Chepté, A Nepalese Village - Color

Chepté, A Nepalese Village - Color

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English
84 Pages

Description

Patrice Olivier wants to share his time spent with a Sherpa family in Chepté. His photographs invite you to live their daily life. You will discover their games, village life, school, daily household duties, traditions and their environment. After meeting Ngima, Deeku, Temba and Nurry, these children will remain with you when you close the book.

Subjects

Informations

Published by
Published 01 January 2009
Reads 111
EAN13 9782919632220
License: All rights reserved
Language English
Document size 1 MB

Legal information: rental price per page €. This information is given for information only in accordance with current legislation.

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Chepté  A Nepalese Village
Patrice Olivier
Translated by : Kathryn Pascal/Olivia Izzard
Association Terra Incognita
4
Summary
Summary
The Himalayan Range
Page 10
The Sherpa community
Page 12
Chepté village
Page 14
The Sherpa family
Page 16
Life and the rhythm of the seasons
Page 18
5
Terrace cultivation
Page 20
Stock
Page 22
Feeding the animals
Page 24
On men’s backs
Page 26
Bhalthumka’s shops
Page 28
Summary
Summary
Bhalthumka’s market
Page 30
Hindu portraits
Page 32
Dashain
Page 34
The Houses
Page 36
Crafts
Page38
Basketwork
Page 40
Children’s games
Page 42
Chepté school
Page 44
In the classroom
Page 46
Sanskrit
Page 48
Summary
Summary
The playground
Page 50
Children’s games (2)
Page 52
Dance
Page 54
Tibetan roots
Page 56
Buddhism
Page 58
7
The temple
Page 60
Shamanism
Page 62
Nepalese hospitality
Page 64
Water
Page 66
Milk
Page 68
Summary
Summary
Potatoes
Page 70
Sweetcorn
Page 72
Cooking
Page 74
Meals
Page 76
Scenes from the road to Chepté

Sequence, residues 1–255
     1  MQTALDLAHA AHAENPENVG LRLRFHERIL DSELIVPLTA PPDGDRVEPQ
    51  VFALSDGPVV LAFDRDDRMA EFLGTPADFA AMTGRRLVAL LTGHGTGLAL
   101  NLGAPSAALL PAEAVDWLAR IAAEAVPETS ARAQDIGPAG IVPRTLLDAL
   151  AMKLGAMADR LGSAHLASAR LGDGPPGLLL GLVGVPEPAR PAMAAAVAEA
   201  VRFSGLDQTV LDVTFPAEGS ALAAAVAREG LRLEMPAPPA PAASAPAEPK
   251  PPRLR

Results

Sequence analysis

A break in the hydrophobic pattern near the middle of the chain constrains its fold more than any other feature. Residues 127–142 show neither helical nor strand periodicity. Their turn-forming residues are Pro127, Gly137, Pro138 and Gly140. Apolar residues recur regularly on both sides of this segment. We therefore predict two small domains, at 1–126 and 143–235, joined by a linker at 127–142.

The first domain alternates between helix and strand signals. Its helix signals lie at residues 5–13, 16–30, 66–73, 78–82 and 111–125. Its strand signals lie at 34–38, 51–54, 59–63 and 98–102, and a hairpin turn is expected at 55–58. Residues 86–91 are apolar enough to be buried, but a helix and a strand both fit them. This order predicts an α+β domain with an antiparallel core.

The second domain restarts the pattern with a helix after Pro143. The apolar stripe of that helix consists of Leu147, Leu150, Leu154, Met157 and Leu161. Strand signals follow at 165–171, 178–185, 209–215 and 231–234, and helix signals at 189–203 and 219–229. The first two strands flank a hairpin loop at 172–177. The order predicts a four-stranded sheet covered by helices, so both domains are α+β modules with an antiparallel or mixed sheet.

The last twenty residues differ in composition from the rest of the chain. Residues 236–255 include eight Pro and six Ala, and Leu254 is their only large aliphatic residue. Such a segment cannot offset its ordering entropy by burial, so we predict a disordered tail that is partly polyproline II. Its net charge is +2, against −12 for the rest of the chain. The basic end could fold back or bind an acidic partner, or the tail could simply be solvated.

Page 78
8
Dusk over the Himalayan Range
Page 79
Acknowledgements
Page 80
Glossary
Page 81
The Democratic Federal Republic of Nepal
Page 82
To get to Chepté from Katmandu, you need to go to Jiri which is only 200 kms away but it takes a whole days bus ride to get there. Then you need to walk for 3 days from Jiri to Chepté. This area is at the gateway to the Himalayan range of mountains. Above is GauriSankar which is 7 181 meters high. In Sanskrit* it translates as the goddess Gauri and her husband Sankar (a Hindu god).
9
The Himalayan Range
he Himalayan Range is one of the five natural areas in Nepal. It has nine peaks over 8 000 m, T one of which is Everest (8 846 m) and a dozen peaks higher than 7 000 m. This region forms a gigantic wall between Nepal and China. Chepté is situated in the foothills *(a sub-range) of the Himalayas, 60 kms south-west of Everest in the Okhadhunga district. In Nepalese mythology*, these mountains are sacred. They are considered to be the home of the gods. In Nepalese Everest is called Sagarmatha, the name of the goddess who is mother of the sky.
Summary
10
Summary
Ngima Sherpa.
11
The Sherpa community
he Nepal population is made up of more than 60 ethnicities*. They are divided into two large T groups : the Indo-Nepalese who have Indian roots and generally come from the Hindu region and the Tibetan Nepalese who come from Tibet and usually live in the mountains. In Chepté, twelve families have Indian Nepalese roots, twenty-three are Tamangs and eighteen are Sherpas. The Tamang and Sherpa ethnicities have the same Tibetan origins and both share the same Buddhist religion. Each ethnicity has its own history, dialect*, customs and beliefs.
The giant Bodhnath Buddhist stupa, in Katmandu. Buddha’s painted eyes look in four different directions and see everything. The “question mark” represents unity and is the number one in Nepalese. Sacred prayers have been written on the flags which fly from the top of the “stupa”.
Summary
12